It's a Buck!: Whitetail Deer Hunting Stories and Tactics for the Weekend Hunter

It's a Buck!: Whitetail Deer Hunting Stories and Tactics for the Weekend Hunter

by Don Clute



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It's a Buck!: Whitetail Deer Hunting Stories and Tactics for the Weekend Hunter by Don Clute

It�s a Buck!� was written for the average weekend-hunter who simply enjoys being in the woods, enjoys the good-natured ribbing and camaraderie of his hunting partners, and who is thrilled when good fortune sends ANY buck his way, be it a spike-horn or a big 10-pointer.

There are no stories of Boone and Crockett or Pope and Young record book bucks to be found within these pages.  What you will find, however, are some down-to-earth hunting stories and recommended tactics based on 40 years of lessons learned the hard way.  This is the REAL world of deer hunting.


About the Author:

Don Clute is an avid sportsman, but considers himself only an average hunter and fisherman, and a below average golfer. However, as a result of 40 years experience, Don has learned what it takes to increase the odds for a productive hunt in heavily pressured areas. Don firmly believes that EVERY deer is a trophy and that a hunter has a right to be proud, and should be proud, of any deer taken.     

Don is married, has two married sons and a ten-month-old grandson who received his first camouflage outfit from grandpa before he left the hospital nursery.  Another grandson is on the way.

Don has spent his entire life in the Northeast and has previously been published in the New York Sportsman magazine.  He currently resides in Glenville, New York with his lovely wife Ellen.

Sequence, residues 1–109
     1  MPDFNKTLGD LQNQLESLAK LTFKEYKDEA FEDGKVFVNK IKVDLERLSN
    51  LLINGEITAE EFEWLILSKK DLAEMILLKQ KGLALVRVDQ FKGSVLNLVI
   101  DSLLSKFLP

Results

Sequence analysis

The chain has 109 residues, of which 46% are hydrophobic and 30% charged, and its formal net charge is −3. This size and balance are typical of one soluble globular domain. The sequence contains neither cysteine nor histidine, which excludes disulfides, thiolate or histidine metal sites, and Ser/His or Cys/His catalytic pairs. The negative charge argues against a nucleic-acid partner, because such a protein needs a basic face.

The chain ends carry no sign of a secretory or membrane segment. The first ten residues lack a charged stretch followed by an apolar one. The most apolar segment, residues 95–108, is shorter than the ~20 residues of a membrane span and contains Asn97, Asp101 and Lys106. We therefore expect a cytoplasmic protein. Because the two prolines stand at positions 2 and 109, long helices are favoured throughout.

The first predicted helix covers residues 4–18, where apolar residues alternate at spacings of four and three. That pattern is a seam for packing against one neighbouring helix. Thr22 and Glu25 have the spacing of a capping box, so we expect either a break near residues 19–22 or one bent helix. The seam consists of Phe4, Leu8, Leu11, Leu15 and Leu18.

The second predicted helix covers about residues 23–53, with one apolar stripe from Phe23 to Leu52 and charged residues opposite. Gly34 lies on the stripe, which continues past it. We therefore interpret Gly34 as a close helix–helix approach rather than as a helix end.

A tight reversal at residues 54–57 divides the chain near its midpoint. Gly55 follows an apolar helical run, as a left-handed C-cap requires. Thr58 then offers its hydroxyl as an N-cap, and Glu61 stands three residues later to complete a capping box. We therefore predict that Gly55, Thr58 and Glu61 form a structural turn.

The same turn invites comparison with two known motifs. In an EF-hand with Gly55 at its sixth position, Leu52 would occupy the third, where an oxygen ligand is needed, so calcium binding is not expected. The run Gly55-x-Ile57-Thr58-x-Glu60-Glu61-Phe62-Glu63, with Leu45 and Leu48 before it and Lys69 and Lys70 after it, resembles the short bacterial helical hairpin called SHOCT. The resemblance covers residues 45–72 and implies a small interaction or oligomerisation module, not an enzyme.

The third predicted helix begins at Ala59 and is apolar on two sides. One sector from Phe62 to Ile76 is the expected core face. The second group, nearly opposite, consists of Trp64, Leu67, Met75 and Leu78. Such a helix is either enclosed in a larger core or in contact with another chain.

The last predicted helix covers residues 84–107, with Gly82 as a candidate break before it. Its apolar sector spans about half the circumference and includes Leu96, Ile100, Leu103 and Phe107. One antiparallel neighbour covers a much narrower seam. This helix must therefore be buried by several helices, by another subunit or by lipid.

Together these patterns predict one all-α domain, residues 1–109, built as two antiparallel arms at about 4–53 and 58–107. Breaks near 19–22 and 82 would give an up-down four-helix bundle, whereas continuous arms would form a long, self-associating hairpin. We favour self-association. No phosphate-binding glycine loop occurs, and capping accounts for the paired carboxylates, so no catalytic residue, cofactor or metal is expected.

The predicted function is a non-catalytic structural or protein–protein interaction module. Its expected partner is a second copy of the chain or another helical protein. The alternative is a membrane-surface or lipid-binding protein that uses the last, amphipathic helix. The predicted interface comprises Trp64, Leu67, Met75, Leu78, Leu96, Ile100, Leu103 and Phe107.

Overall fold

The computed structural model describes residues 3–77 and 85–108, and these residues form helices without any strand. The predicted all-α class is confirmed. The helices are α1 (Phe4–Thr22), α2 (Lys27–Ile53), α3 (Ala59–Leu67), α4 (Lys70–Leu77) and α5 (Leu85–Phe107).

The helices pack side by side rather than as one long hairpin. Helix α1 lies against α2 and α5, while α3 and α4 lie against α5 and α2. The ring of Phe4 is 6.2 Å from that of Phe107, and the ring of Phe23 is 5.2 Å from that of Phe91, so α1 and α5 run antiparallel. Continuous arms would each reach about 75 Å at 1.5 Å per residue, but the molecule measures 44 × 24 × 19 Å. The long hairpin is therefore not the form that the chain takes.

Product Details

ISBN-13: 9781593300005
Publisher: Aventine Press
Publication date: 05/28/2003
Pages: 252
Product dimensions: 6.16(w) x 8.66(h) x 0.65(d)

Read an Excerpt

Chapter 8 - �Memeorable Near Misses�

We had hiked about a half-mile along a hardwood ridge and were headed for an overgrown field where we knew deer frequently fed during the evening.  Our plan was to take up a position along each of two well-used runways that entered the field at adjacent corners.  We were hopeful that one of us would get a crack at a deer heading for the feeding area in the late afternoon.

Moving into the wind, we were approximately 100 yards from the first runway when Gerry suddenly stopped and motioned for me to do the same.  As I followed his gaze, I quickly saw what had caught his attention.  Standing about 50 yards in front of us, and 40 yards down from the top of the ridge, was a large mature 8-point buck!  He was facing away from us into the wind and was completely engrossed in stripping the bark off a 3-inch sapling.  What a sight!  I had never before witnessed a buck in the act of making a rub, and I was mesmerized by his intensity.

The ground was wet from a two-hour downpour earlier in the day, so noise was minimized, and with the deer upwind and facing away, everything seemed perfect for an attempted stalk.  Gerry eased down to his left and ever so slowly began moving toward the unsuspecting animal while I followed the action from my vantage point on the ridge.  I watched as Gerry closed the gap.  The buck would occasionally stop his attack on the sapling to briefly check his surroundings, but he never looked behind him.  He was intent on finishing the job at hand.